basic background on males is yellow with green speckled
black marbling with bright red edges to the fins.
Females are virtually identical but not quite so brightly
The first spawning
from the first pair resulted in 20 young Parotocinclus
raised to young adult stage. Four different pairs
were obtained from the original twelve. The remaining
four were immature males. The pairs spawn once a fortnight
in a six week cycle and then rest eight to ten weeks
while females roe up again. Youngsters from first
spawning are now ready to spawn themselves (March,
1984), are in the process of pairing off (born 20th
to do to spawn and raise Parotocinclus.
1. Mature tank heavily planted with tall narrow and
broad leaved Aponogeton sp. and Cryptocoryne sp. Bogwood
2. Clean fresh water in the aquarium, regular water
changes at least each week; up to one third of the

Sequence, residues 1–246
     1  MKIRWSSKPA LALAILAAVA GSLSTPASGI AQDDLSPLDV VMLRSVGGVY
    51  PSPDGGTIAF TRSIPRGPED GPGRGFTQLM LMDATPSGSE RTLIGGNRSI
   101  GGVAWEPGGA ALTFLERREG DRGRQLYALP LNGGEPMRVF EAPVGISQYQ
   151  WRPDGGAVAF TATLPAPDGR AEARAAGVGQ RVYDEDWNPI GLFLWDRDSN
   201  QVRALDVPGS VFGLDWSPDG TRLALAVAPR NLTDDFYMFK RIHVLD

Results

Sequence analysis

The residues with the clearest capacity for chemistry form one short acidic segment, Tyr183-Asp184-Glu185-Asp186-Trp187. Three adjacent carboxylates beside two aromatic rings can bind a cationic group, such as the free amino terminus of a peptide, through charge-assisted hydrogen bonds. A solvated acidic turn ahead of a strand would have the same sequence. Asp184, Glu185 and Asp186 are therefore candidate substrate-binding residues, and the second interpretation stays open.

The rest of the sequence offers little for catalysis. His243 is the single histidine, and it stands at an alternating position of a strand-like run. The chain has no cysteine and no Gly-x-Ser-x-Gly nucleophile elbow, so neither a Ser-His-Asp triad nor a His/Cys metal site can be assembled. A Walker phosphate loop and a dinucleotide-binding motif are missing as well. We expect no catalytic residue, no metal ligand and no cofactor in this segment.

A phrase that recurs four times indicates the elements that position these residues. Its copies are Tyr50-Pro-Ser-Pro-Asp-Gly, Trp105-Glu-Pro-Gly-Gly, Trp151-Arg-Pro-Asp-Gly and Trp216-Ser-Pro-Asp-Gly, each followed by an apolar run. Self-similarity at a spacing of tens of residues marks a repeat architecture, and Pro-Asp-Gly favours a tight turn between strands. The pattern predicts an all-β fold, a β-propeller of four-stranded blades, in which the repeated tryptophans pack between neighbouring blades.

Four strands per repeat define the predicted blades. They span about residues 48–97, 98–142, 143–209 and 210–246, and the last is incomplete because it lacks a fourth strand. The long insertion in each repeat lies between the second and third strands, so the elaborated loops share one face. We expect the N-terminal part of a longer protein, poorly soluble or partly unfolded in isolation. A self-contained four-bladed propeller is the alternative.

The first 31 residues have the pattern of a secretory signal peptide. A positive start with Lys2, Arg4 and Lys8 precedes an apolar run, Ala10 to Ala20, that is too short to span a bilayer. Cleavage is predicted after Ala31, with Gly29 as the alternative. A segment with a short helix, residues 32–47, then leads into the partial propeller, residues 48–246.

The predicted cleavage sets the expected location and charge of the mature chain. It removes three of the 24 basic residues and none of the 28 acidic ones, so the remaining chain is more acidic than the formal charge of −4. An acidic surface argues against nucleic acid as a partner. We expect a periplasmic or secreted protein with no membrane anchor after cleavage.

3. Power filtration preferably internal, with out
flow over tops of plant leaves.
4. Good variety of live and dried foods to help condition
5. Shoal of non aggressive breeding fish to help trigger
I found Corydoras pygmaeus ideal for this purpose.
6. Have plenty of micro worm and white worm on hand.
Things not to do or "How
to kill Parotocinclus fry in 7 easy lessons!
Lesson one: Don't net fry from tank, syphon them
into tubs to transfer to fry tank - very easily crushed
in the net.
Lesson two: Fry tank should have water no deeper than
six inches -too deep and fry cannot reach surface
and die off.
Lesson three: Food in the shape of lettuce coated